Colbert asked Yellen to explain how inflation has gotten so out of hand when “two years ago everything seemed fine,” the Right Scoop reported.
Yellen, who has tried over the past two years to blame everything and everyone except the Biden administration for the U.S.’s economic woes, claimed inflation began ticking up when Americans “splurged” after the pandemic.
“So we had a rapid recovery from the pandemic. It turned out the pandemic had very special impacts on the economy,” she told Colbert.
“Remember, everybody stopped spending on services,” she continued. “They were in their homes for a year or more, they wanted to buy grills and office furniture, they were working from home, they suddenly started splurging on goods, buying technology.”
Don't blame the Biden Admin printing trillions of dollars: @SecYellen tells @StephenAtHome the real reason inflation is out of control is because Americans are "splurging" on goods; "and, remember, Russia has conducted a brutal war against Ukraine" pic.twitter.com/d0xbhA7sbH
— Tom Elliott (@tomselliott) December 1, 2022
The resulting supply chain “bottlenecks” also contributed to inflationary pressure, she added.
She also blamed Russia for rising gas and food prices.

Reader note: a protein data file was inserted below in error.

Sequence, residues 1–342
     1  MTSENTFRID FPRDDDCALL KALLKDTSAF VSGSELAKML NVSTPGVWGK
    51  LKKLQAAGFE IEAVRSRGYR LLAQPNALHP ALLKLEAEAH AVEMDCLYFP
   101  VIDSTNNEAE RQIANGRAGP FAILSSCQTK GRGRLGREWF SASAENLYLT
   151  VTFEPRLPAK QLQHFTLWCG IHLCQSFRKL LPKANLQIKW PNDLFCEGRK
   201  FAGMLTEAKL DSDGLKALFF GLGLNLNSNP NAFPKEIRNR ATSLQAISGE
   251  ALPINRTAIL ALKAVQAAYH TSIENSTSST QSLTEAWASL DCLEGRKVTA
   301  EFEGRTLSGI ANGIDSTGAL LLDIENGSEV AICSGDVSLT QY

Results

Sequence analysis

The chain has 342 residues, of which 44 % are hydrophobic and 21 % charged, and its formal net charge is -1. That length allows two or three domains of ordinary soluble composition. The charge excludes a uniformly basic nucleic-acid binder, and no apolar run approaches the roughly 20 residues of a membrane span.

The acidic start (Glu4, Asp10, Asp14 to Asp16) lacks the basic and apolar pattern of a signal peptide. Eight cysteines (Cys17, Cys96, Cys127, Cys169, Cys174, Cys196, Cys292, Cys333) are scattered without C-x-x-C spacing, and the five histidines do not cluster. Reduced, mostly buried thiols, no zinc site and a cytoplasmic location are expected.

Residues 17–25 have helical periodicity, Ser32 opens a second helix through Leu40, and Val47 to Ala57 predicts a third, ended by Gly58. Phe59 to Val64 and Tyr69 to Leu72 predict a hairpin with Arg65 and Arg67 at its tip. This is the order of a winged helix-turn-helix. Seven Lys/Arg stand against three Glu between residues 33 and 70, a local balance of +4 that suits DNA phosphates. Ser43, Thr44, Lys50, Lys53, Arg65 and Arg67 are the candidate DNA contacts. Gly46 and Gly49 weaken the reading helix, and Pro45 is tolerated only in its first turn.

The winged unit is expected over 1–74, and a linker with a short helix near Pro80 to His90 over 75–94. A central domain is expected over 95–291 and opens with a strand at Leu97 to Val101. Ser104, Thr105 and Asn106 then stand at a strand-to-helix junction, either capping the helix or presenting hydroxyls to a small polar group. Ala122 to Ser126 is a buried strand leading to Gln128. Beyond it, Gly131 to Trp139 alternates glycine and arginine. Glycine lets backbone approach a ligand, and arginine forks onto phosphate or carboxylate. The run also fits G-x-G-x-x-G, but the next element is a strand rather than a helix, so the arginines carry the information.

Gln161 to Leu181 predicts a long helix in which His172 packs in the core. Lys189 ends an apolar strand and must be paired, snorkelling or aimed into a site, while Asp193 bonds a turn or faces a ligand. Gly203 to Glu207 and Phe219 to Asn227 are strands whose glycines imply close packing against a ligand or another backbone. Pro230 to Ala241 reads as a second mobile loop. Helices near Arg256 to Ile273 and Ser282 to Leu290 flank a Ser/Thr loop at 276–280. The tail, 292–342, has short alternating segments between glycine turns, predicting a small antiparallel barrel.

“I think we can take the heat out of the economy and remember that Russia has conducted a brutal war against Ukraine and that caused gas prices to spike, it’s caused food prices to spike,” she claimed, although food prices already had begun their staggering ascent well before Russia’s February escalation of its eight-year-long war with Ukraine.
“It’s creating hardship all over the world,”Yellen continued. “We’re really trying to address those strains as well that’s another reason inflation went up and we’re trying to hold that down.”
Yellen didn’t mention at all the multitrillion-dollar spending bills that Democrats have passed and Biden has signed over the past two years.
She also downplayed concerns about a coming economic recession, suggesting the Biden administration has everything under control.
She made a similar comment this summer after the U.S.’s GDP contracted for the second consecutive quarter.
“Well, I look at all the data, and GDP will be closely watched,” Yellen said at the time.
“But I do want to emphasize: what a recession really means is a broad-based contraction in the economy,” she continued. “And even if that number is negative, we are not in a recession now, and I would, you know, warn that we should be not characterizing that as a recession,” she said.